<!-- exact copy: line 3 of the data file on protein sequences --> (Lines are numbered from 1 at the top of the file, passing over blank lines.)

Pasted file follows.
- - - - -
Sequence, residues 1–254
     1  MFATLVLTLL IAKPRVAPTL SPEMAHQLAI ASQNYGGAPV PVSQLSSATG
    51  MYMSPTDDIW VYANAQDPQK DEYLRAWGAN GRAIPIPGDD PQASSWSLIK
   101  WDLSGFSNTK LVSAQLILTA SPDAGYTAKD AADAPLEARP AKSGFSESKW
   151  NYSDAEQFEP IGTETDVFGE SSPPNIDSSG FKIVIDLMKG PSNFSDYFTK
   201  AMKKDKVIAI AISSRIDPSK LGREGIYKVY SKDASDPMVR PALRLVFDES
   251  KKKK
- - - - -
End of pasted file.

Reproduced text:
    51  MYMSPTDDIW VYANAQDPQK DEYLRAWGAN GRAIPIPGDD PQASSWSLIK